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Using certified sustainable palm oil no longer good enough, says WWF

The Roundtable on Sustainable Palm Oil has recently finalized a review of the its Principles and Criteria for Sustainable Palm Oil Production (P&Cs),  and agreed a new set of standards. RSPO founder member WWF is signing up to the standards but cautions that they are not good enough.  It says that using palm oil certified as  sustainable under the Roundtable on Sustainable Palm Oil (RSPO) is no longer enough to ensure companies are acting responsibly.

In a position statement and in its FAQ documents WWF released, WWF says this:

“WWF would have preferred clear black and white performance standards for the criterion dealing with GHGs and pesticides that describe how sustainable palm oil is produced. Just as the existing criteria make it clear that companies must not clear or damage high conservation value areas, we would have liked clear standards banning clearance or cultivation of peat soils and high‐carbon habitats. If the P&Cs contained a comprehensive set of clear performance standards it would be abundantly clear that certification against the RSPO P&Cs would ensure that the palm oil in question was produced sustainably. Unfortunately, not all of the members of the Taskforce were willing to accept such changes at this time. That means we are now in the position of having to consider the RSPO P&Cs only as a framework within which responsible growers can tackle key sustainability impacts such as GHG emissions rather than a ‘proof’ of sustainability in itself.”

Responsible growers are those that not only certify all of their palm oil production against the RSPO principles & criteria but who also take the following further actions:

  • immediate public reporting of GHG emissions from existing and new plantations using Palm GHG;
  • for new oil palm developments: full implementation of the RSPO New Plantings Procedure and zero‐net land use emissions over a single rotation, which will exclude cultivation on peat‐soils and clearance of high carbon stock areas;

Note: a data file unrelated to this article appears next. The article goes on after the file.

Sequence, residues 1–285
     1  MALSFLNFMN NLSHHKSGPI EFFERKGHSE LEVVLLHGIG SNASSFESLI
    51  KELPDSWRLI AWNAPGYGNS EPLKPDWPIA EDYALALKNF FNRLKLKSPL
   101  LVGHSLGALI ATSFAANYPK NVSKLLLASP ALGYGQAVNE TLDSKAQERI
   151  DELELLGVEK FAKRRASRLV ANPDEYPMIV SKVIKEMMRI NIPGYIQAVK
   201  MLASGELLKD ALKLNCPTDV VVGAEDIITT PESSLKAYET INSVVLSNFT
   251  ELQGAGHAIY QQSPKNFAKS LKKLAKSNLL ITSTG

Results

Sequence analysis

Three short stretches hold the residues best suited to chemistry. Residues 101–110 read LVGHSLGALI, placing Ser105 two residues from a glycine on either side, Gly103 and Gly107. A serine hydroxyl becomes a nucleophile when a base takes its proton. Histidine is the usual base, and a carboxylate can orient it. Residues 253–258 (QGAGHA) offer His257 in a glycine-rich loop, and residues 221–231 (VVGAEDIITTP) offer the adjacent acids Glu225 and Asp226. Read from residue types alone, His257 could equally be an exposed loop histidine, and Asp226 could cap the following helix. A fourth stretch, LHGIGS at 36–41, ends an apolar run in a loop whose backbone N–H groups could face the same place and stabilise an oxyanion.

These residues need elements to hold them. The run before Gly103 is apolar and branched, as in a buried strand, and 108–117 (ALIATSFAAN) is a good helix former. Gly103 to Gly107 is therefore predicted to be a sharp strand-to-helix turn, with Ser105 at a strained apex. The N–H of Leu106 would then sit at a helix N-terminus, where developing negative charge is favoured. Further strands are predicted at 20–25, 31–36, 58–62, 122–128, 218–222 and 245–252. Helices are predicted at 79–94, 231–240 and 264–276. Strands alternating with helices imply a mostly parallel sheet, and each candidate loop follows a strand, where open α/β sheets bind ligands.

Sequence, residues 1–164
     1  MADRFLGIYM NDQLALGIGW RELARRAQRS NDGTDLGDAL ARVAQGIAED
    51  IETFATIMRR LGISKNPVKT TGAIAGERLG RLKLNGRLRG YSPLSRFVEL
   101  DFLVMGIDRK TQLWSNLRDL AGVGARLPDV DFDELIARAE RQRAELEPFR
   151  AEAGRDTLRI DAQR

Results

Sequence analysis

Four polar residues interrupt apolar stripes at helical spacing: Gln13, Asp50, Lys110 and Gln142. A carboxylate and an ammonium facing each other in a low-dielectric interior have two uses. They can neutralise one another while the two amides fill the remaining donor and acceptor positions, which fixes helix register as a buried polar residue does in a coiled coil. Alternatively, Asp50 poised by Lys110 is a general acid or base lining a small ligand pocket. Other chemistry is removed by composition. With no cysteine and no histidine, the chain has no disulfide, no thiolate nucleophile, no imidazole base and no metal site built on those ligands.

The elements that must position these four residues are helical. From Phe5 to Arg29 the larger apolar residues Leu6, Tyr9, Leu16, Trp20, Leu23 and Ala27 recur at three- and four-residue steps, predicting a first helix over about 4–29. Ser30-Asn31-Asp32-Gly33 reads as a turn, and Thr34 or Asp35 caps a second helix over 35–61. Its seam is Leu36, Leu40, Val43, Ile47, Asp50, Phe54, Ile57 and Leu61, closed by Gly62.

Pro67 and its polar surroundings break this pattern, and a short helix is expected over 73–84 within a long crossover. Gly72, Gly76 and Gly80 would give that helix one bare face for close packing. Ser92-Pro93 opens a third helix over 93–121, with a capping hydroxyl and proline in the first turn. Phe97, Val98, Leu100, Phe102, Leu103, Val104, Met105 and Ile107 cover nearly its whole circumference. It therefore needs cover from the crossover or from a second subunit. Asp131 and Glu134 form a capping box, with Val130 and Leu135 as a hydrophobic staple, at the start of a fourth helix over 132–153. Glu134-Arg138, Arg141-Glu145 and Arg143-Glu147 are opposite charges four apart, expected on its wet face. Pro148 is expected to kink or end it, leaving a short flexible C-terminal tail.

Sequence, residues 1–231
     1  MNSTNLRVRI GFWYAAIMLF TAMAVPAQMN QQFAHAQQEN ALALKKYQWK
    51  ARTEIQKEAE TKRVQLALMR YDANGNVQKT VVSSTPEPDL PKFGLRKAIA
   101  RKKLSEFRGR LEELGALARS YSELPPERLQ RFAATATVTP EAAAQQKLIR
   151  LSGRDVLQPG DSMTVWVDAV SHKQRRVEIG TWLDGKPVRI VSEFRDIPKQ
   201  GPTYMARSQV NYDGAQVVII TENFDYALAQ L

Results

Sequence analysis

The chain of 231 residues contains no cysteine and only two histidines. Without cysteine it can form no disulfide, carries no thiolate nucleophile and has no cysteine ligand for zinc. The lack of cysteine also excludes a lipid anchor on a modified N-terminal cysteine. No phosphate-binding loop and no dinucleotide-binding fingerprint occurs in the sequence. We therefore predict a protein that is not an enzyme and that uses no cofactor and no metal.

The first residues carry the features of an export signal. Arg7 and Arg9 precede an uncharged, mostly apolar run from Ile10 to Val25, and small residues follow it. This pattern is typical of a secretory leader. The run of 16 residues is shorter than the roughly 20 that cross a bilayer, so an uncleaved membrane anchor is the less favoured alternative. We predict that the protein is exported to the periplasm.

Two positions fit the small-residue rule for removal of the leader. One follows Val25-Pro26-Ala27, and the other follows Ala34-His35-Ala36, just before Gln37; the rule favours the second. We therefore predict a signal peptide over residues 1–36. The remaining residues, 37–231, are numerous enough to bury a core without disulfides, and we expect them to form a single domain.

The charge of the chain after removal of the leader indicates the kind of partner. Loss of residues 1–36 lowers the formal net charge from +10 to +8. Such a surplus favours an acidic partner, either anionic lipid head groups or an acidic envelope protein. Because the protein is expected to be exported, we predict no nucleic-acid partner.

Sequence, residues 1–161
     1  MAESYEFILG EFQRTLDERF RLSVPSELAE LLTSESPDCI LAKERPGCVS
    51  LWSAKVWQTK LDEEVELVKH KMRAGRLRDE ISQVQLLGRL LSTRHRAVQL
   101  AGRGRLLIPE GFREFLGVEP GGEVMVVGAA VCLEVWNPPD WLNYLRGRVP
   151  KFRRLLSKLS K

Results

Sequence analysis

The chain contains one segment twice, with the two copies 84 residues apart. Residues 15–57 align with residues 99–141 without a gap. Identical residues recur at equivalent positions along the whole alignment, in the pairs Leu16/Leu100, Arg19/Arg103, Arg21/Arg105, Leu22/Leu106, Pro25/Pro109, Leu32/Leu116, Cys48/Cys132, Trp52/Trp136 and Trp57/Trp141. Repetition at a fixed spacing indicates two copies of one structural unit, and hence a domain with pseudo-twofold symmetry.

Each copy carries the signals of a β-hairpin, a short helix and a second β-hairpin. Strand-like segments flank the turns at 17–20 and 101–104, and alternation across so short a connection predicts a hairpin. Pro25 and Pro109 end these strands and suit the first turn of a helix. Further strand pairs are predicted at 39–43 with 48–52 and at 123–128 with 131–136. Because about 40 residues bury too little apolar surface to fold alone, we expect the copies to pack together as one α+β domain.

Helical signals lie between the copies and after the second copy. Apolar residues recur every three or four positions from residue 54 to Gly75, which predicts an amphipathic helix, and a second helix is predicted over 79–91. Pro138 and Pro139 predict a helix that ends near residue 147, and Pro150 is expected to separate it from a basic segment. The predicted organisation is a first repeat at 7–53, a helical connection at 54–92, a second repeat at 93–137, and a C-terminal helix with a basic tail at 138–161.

• for existing plantations and mills: significant annual GHG emissions reduction targets essential measures should include the treatment of mill effluent to eliminate methane emissions and the restoration of any plantations on peat at the end of the current rotation;
  • an end to the use of pesticides that are categorized as World Health Organization Class 1A or 1B, or that are listed by the Stockholm or Rotterdam Conventions, and paraquat;
  • only buying Fresh Fruit Bunches (FFB) from known sources, in particular no FFB  riginating from land illegally occupied or that is within any sort of designated or protected areas such as national parks.

“The rest of the palm oil value chain – from investors to retailers – must also make parallel commitments to only do business with growers that take these extra actions. Traders and processors because of their unique position in the supply chain now have a greater responsibility to act transparently and to ensure that their customers know where their palm oil is coming from.”

You can download WWF’s position statement and FAQs here.

The new standards are here.

News coverage can be found here

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21 May 2013